Ensure Business Success in an Acquisition

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For companies seeking fresh technology and talent—or hoping to navigate their way to new markets—mergers and acquisitions (M&A) can be a great, effective option.

Yet the process can also be fraught with pitfalls: In fact, according to Boston-based consulting firm Bain & Company a staggering 70% of mergers fail to increase shareholder value.

So how can you prepare for a successful merger?

The following 5 tips can help:

Get to Know Your Potential Partners
As with any relationship, moving too fast too soon can lead to pressures and oversights that would not otherwise exist. Is the culture and resources of a given company really and truly a good match for your own?

There’s only one way to find out: Do your due diligence. Research the company. Talk to its employees and clients. Reach out to your own mentors and advisors—legal, financial, etc.—for advice and recommendations. And, of course, check the financials.

Money Matters
Capitalization. Revenue. Stock history. IT and security infrastructure. Outstanding debts. Liquidity. These are just a few of the factors that come into play during an acquisition.

The truth is, there’s a lot of moving pieces when it comes to the financial end of the M&A process—and it is absolutely essential that you have a full understanding of the lay of the fiscal land before moving forward. So keep those lines of communication wide open. Dig deep. Ask to see the books and, of course, provide them yours if they make the same request. The path to a profitable future begins with a solid understanding of and engagement with the foundational information about both companies.

Settle on a Fair Valuation
Each side is going to have a different idea of what is a fair price for the target company. The buyer is going to want to pay the lowest price they can get, while the seller is obviously going to want to get the highest price they can. Start by looking at the valuation for similar companies to help you set a benchmark that both sides can work from. Your legal and financial teams can help you negotiate the valuation to come up with a fair price that is acceptable to both parties.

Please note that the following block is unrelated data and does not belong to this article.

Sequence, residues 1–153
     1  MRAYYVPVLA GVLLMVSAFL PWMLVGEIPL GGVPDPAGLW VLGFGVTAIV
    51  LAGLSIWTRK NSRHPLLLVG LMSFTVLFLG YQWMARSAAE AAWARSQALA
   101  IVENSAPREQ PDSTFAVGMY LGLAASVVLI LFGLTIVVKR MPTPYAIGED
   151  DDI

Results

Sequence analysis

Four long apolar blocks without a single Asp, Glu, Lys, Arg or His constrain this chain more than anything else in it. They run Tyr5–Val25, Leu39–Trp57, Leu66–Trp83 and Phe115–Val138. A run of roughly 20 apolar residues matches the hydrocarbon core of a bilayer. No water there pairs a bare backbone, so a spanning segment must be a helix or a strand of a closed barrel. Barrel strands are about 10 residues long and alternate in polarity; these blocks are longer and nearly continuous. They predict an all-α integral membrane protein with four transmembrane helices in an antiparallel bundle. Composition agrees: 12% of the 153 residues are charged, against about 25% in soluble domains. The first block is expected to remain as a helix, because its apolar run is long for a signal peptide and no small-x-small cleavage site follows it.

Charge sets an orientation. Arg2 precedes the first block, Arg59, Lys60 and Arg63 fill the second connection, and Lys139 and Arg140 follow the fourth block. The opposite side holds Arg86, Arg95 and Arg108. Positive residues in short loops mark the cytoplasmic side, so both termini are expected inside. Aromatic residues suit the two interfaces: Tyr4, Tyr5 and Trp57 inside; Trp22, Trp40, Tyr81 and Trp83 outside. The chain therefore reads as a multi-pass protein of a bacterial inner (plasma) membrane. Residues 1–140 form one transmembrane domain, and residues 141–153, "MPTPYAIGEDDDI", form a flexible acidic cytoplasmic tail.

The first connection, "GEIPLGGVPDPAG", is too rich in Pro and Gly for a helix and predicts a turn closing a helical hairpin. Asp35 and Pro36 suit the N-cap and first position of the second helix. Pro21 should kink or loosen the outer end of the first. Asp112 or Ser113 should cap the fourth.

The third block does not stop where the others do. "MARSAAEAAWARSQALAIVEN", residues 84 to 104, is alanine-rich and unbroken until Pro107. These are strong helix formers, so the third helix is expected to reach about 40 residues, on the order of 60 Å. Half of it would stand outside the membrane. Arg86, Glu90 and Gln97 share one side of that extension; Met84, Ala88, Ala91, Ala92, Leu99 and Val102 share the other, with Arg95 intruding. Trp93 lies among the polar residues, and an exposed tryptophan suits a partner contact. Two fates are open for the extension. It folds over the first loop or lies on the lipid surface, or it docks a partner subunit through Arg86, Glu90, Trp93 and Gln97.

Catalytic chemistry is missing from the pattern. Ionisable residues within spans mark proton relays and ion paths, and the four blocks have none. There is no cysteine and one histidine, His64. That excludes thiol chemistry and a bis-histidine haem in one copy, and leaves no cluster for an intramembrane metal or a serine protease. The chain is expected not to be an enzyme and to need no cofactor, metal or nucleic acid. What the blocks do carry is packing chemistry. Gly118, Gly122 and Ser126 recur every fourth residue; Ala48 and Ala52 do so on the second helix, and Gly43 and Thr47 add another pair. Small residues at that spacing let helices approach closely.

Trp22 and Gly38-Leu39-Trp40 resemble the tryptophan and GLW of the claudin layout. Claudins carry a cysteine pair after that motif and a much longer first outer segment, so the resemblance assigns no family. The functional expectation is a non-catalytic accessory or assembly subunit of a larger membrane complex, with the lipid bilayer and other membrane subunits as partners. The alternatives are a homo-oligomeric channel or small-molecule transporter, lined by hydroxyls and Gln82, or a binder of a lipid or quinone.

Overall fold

Set the Tone
Strong, forward-thinking leadership is always a boon to any company, but during an M&A deal the impact of a visionary, positive example emanating from the top becomes all the more heightened—and in some cases game-changing.

Help your team see the same potential and value in a proposed deal that you do. That requires you to set the highest possible degree of transparency, establish benchmarks and intentions, and never treat the process as one that exists solely outside of everyday company actions. Leverage your internal and external communications teams to create a plan for how to convey the acquisition and the vision behind it.

Keep Faith with Employees
The same approach goes for the business you are acquiring as well – communicate to employees the vision you have for what the business looks like post acquisition.

Uncertainty, after all, can lead to an exodus of talent and institutional knowledge. And while some talent loss is to be expected, you can minimize it by providing clear avenues and opportunities for employees of both entities to discuss the merger and bring questions to the leadership team. It also helps to educate employees on who you are as a company so they can see where the businesses align.

After proper analysis, consider creating a transition program that helps employees move into new roles. This can reassure your workers that they will not be forgotten in the transition and a degree of flexibility will be available to them under new management.

Done right, a merger should create opportunities and efficiencies for the new company and its blended staff. By remaining conscientious and deliberate throughout the process you’ll increase the chances of success—not only during the deal-making phase, but for years to come in the marketplace.

The views expressed by the author are not necessarily those of Fifth Third Bank and are solely the opinions of the author. This article is for informational purposes only. It does not constitute the rendering of legal, accounting, or other professional services by Fifth Third Bank or any of their subsidiaries or affiliates, and are provided without any warranty whatsoever.